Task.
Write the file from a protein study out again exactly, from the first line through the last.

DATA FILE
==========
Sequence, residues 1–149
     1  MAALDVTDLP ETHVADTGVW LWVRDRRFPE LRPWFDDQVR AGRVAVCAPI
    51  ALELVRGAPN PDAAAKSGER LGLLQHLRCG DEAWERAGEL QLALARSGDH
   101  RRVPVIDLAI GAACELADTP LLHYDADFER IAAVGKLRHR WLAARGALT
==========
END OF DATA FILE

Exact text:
Sequence, residues 1–149
     1  MAALDVTDLP ETHVADTGVW LWVRDRRFPE LRPWFDDQVR AGRVAVCAPI
    51  ALELVRGAPN PDAAAKSGER LGLLQHLRCG DEAWERAGEL QLALARSGDH
   101  RRVPVIDLAI GAACELADTP LLHYDADFER IAAVGKLRHR WLAARGALT